For once I think it really helps an understanding of the weather to understand the variation and style of the wines of Bordeaux in 2011 – although nothing is ever completely deterministic and odd surprises still exist.
The story of the the 2011 harvest began with the dry Indian summer of 2010, which stayed fine long after this fine harvest was in the cellars. The winter was very dry, so that the water table was low.
A covering of snow in January was unusual and decorative but did little to help in terms of moisture.
The warm early spring meant that when we tasted the 2010 primeurs in the first week of April, there was three inches and more of leaf growth on some vines. This extraordinary precocity actually accelerated in the hot April and May, so that by the time of the flowering in mid-May, and taking the usual one hundred days from flowering to picking, the vendanges should have been in mid-August.
Mouton produced the most telling graph, which I hope they don’t mind my reproducing here (thanks and apologies, see below) comparing average rainfall 1961 to 2010 with that in 2011 – it really shows how dry the a spring and early summer were. The only point that rainfall was above average in the year was in the critical months of July and August.
The flowering was quick and even, apart from some coulure in the Merlot, and up to a point all was set fair, but for the lack of rain. The spring was exceptionally dry, and what rainfall there was came patchily and often in heavy dowpours which ran off rather than sinking in.
Slowly the vines began to suffer from the drought – and obviously the type soil takes on a new importance. Palmer said that the reason for their tiny yield was that the lighter soils of Margaux resisted the dought less well than the deep gravels of Saint Julien and Pauillac, especially where these have water-retaining clay deep underneath. On the other side of the river, it was the clay-limestone soils which did best, and vines on gravel in Pomerol, or on the sandier, lighter clays of some of Saint Emilion, really suffered. Everywhere the grapes remained small, and the vines began to slow.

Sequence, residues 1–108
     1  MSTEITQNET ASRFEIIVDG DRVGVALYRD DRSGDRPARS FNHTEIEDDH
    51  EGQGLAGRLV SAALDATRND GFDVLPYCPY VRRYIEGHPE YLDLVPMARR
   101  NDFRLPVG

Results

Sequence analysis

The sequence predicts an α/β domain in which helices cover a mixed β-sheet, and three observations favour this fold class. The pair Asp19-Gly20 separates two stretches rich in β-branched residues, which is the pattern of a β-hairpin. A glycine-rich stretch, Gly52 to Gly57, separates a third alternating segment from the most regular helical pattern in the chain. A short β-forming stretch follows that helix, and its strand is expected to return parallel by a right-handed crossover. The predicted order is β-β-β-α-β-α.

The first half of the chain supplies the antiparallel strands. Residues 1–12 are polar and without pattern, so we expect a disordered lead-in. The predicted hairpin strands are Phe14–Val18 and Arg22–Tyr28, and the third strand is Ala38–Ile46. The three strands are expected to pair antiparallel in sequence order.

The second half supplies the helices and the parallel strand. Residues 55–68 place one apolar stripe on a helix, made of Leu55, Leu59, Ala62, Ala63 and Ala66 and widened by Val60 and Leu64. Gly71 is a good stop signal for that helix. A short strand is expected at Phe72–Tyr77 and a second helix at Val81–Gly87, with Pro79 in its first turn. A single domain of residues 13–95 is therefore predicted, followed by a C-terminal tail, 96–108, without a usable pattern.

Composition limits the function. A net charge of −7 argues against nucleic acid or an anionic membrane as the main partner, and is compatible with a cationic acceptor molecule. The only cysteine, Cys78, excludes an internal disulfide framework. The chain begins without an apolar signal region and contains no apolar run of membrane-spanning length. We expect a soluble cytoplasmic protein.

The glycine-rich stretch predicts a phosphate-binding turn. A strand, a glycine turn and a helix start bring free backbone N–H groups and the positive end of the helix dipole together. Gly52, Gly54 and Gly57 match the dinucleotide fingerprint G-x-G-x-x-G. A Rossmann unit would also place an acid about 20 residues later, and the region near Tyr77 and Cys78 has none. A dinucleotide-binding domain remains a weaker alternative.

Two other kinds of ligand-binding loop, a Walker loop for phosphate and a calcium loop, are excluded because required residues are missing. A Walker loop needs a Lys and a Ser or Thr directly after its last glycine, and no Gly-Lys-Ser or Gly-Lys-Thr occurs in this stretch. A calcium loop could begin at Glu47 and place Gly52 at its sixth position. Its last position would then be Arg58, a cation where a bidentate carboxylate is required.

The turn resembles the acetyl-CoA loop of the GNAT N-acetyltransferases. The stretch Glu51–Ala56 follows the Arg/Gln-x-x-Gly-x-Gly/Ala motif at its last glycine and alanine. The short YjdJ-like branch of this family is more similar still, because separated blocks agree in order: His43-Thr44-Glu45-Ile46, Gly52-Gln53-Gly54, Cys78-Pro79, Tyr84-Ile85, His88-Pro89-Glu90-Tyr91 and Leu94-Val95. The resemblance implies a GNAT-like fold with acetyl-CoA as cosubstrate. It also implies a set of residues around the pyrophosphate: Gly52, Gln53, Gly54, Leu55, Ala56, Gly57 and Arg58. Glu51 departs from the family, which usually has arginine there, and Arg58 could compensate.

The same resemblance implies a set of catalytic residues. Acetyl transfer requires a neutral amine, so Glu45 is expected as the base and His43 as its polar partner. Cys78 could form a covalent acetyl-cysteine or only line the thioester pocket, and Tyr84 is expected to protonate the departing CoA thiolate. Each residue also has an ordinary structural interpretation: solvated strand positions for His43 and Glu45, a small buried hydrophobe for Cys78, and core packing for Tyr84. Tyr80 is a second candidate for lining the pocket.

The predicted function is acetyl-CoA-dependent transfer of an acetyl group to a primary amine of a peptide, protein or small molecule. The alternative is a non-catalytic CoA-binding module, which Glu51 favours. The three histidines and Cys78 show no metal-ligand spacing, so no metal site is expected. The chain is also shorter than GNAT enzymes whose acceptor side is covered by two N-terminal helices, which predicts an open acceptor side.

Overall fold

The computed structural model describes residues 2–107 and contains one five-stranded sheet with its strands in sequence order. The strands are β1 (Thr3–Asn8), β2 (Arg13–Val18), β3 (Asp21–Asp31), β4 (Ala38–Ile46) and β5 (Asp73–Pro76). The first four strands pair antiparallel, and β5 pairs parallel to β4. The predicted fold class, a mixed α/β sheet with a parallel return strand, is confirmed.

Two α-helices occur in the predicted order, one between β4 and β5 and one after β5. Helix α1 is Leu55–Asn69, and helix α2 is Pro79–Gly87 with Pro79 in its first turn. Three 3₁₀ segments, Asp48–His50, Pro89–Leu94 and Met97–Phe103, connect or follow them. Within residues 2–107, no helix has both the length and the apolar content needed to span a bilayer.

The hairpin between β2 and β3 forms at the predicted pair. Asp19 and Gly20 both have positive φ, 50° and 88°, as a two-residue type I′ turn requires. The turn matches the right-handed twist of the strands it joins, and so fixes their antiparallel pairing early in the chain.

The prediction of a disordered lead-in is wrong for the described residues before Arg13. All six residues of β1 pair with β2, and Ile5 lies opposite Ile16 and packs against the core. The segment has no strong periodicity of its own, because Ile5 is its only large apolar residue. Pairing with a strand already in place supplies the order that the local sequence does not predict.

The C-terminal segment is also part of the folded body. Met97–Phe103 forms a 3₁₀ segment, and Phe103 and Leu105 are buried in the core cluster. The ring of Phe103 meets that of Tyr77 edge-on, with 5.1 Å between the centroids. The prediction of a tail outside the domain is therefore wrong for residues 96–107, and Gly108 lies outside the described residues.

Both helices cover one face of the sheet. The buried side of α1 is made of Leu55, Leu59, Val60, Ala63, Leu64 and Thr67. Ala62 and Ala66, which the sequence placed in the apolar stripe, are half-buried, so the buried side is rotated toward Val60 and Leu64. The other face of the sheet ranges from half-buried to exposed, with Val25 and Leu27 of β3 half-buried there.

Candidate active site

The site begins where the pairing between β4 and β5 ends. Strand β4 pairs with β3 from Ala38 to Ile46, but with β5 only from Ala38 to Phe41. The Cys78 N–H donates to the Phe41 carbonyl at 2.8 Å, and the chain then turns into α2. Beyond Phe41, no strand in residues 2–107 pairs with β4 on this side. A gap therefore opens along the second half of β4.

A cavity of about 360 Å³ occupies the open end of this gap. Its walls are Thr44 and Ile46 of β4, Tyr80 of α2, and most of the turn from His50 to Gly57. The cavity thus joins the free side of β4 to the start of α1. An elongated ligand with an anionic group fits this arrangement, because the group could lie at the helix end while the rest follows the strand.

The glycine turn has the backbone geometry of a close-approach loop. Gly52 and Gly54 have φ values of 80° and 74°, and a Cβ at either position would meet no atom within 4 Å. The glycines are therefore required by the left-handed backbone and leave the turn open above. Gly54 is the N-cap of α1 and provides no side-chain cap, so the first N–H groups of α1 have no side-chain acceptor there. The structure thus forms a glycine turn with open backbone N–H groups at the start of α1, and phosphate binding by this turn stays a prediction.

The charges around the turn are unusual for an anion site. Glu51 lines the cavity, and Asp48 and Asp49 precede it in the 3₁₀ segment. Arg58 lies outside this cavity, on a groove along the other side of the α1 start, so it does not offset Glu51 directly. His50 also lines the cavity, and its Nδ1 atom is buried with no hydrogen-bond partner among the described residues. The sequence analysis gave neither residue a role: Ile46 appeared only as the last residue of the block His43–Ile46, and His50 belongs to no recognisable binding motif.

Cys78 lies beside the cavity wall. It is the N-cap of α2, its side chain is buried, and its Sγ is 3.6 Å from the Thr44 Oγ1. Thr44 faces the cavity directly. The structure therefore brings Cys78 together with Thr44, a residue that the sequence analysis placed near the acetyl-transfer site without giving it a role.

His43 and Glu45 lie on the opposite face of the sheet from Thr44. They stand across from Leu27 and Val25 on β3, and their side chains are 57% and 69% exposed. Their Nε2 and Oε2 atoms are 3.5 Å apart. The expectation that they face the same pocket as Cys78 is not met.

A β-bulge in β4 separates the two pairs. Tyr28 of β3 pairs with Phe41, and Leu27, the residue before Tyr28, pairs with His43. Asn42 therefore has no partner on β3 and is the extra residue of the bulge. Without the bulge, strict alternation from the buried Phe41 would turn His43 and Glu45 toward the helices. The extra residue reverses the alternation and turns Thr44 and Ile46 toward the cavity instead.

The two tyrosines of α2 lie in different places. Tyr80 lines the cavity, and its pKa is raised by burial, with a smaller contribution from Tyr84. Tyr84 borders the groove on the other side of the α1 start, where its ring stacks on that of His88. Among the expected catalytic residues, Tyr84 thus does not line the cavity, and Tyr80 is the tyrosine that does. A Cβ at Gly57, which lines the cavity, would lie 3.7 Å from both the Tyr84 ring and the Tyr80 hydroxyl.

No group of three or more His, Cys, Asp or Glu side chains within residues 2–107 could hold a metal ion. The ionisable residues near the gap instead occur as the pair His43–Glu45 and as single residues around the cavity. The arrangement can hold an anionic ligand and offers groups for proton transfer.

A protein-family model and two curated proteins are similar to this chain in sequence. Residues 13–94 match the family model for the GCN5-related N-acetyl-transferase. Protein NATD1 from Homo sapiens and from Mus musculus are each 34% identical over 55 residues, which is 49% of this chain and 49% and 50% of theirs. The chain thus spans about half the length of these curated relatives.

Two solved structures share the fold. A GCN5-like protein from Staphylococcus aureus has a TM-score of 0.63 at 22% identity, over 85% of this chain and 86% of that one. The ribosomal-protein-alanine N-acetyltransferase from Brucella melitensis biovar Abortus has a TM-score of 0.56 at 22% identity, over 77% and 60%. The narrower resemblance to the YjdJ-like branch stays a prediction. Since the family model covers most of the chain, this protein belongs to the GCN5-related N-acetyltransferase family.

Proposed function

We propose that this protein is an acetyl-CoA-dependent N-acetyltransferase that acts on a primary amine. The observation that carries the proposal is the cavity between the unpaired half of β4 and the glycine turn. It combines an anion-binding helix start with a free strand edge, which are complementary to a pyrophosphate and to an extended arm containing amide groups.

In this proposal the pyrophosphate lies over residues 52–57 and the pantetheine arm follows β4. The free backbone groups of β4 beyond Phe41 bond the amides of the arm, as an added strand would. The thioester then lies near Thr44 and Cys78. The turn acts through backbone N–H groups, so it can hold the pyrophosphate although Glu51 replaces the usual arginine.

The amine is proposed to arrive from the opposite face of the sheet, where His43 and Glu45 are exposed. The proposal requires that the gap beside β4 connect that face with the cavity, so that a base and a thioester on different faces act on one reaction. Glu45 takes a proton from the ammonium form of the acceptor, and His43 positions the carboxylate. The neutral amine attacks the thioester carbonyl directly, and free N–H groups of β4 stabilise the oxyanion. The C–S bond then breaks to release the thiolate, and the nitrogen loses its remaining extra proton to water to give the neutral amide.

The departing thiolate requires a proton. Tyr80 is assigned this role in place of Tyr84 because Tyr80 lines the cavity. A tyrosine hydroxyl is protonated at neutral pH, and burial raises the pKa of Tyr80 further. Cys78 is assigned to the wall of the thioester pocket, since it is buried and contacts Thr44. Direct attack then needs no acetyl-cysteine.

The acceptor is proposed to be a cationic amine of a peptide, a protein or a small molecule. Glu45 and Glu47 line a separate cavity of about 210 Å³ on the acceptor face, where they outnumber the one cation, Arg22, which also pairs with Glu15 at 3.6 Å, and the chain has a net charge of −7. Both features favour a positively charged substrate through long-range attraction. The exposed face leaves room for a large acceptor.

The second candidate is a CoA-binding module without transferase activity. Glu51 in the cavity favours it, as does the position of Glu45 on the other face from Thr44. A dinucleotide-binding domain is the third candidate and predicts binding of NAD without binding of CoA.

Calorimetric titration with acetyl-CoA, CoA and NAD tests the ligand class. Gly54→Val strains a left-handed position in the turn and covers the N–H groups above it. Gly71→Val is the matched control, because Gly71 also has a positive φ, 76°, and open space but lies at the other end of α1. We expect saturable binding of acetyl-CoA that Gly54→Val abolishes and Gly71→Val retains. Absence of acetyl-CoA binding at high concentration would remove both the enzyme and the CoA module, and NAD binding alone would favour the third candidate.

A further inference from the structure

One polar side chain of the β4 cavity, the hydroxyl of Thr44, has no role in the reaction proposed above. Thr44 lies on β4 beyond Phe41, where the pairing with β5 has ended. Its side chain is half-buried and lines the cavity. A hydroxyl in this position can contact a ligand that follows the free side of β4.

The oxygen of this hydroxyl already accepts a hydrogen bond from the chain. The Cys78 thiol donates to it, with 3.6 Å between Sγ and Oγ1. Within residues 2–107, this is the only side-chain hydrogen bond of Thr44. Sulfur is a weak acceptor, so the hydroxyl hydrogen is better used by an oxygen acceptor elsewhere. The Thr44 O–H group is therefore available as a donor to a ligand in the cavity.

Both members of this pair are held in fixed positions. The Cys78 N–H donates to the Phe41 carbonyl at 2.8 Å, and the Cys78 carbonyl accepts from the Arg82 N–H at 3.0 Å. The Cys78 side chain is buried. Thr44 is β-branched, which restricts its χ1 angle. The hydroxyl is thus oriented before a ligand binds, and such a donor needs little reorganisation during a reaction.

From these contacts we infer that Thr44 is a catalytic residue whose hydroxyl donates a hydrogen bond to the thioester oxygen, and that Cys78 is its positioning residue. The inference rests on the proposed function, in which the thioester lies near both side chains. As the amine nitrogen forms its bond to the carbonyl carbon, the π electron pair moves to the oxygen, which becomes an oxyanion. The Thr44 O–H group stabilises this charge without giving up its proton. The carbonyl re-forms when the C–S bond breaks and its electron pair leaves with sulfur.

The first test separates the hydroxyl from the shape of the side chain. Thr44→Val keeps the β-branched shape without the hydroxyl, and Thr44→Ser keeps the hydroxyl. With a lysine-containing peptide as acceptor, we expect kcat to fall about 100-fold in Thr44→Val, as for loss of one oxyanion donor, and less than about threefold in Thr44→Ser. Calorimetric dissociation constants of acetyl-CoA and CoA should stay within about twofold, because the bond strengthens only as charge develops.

In early June the temperatures were nearer to normal. A serious hailstorm hit Margaux on the 4th, causing loses of up to 80% of potential yield in some places. There was a series of very hot days, and on the 26th and 27th the temperature surged up to near 40C in the Médoc (38.8C in the shade at Palmer, for example) and a staggering 42C in the Graves. This year we learnt two new French words: échaudage and cramé, which describe the effect on the water-starved grapes which were singed or scorched. At Calon-Ségur I asked Vincent Millet what cramé meant, having heard it the evening before from the maitre du chai at La Mission Haut Brion. Vincent laughed and said cramé was pejorative, and that at Calon they speak proper French and say échaudé. Either way, these burnt grapes stopped developing, and either self-aborted or had to be removed in a green harvest, immediately or at the time of the véraison (when the grapes turn colour and it is clear which will ripen and which will not). In the Médoc this sunburn particularly affected the Cabernets, and is cited a reason for less Cabernet in the proportions of many blends.
There were also some disease problems, and oidium, not usually a problem in Bordeaux, needed looking out for.